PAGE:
New publication helps highlight underwater richness of the Saba Bank

This week, online science publication PLoS ONE released a collection of articles showcasing the incredible richness of marine life of the Saba Bank, a 2,200 square kilometer (850 square mile) coral reef atoll in the Caribbean.

Located southwest of Saba Island in the Netherlands Antilles, the reef has previously experienced damage from oil tankers which drop their anchors, causing damage to both coral and sponges. Efforts are now underway by a number of agencies to have the atoll designated as a “Particularly Sensitive Sea Area”.

A number of the marine Rapid Assessment Program (RAP) surveys were carried out for different taxonomic groups, including coral, algae, sponges and reef fishes. These surveys were undertaken through SCUBA dives and the use of ROVs (remotely operated vehicles). During this work, a number of species thought to be new to science were discovered.

The survey results will help make the case for the region’s protection as the findings show it is both a unique and complex system. The presence of large predatory fish is also a positive sign that parts of the reef system remain healthy and that an intact trophic network is in place.

These articles published by PLoS ONE were written in collaboration with scientists from a number of partner organizations, including CI. The publication’s “open access” nature provides a rare opportunity for non-scientists to access data that can play a key role in marine policy decisions.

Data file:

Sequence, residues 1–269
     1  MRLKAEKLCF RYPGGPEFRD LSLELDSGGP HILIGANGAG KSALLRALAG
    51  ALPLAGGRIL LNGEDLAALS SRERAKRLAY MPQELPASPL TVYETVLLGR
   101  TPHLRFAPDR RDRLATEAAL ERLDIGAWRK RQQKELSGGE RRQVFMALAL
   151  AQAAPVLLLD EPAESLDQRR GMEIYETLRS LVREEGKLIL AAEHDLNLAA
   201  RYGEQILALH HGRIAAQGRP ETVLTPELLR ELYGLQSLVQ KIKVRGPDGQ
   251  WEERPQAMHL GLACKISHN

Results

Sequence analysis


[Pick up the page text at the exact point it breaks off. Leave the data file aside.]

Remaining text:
Kent Carpenter, director of CI and IUCN’s Global Marine Species Assessment program, said of the survey, “It was a great pleasure to join the fish survey team on this expedition, and to join in the authorship of the articles. Saba Bank has some outstanding beautiful reefs. Unfortunately, healthy reefs are becoming rare in the Caribbean; preserving Saba Bank is well worth the effort.”

While it is hoped that the survey results will help in bringing the area protection, further studies are necessary to enable the design and implementation of a comprehensive zone-use plan for the future.

Edward Lohnes works in CI’s Global Marine program.

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